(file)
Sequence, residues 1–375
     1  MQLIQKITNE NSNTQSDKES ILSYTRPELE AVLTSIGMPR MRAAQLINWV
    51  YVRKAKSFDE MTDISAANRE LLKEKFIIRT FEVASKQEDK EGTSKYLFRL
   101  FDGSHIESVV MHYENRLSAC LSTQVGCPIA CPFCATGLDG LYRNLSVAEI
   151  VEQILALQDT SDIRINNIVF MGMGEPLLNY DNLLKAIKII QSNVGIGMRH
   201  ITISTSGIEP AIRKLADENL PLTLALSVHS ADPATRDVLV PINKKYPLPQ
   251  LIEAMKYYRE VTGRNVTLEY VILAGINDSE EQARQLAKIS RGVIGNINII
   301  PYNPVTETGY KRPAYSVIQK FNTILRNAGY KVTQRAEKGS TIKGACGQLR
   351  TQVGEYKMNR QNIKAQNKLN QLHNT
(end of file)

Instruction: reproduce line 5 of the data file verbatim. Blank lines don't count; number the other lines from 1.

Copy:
   151  VEQILALQDT SDIRINNIVF MGMGEPLLNY DNLLKAIKII QSNVGIGMRH